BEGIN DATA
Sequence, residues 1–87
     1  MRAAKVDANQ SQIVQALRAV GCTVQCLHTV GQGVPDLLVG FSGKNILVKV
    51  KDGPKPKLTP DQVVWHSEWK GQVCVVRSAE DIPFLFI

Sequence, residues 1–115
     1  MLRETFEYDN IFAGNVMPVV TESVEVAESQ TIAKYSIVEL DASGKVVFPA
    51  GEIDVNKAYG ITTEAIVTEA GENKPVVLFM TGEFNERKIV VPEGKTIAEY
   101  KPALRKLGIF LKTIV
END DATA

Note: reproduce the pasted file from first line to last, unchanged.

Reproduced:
Sequence, residues 1–87
     1  MRAAKVDANQ SQIVQALRAV GCTVQCLHTV GQGVPDLLVG FSGKNILVKV
    51  KDGPKPKLTP DQVVWHSEWK GQVCVVRSAE DIPFLFI

Sequence, residues 1–115
     1  MLRETFEYDN IFAGNVMPVV TESVEVAESQ TIAKYSIVEL DASGKVVFPA
    51  GEIDVNKAYG ITTEAIVTEA GENKPVVLFM TGEFNERKIV VPEGKTIAEY
   101  KPALRKLGIF LKTIV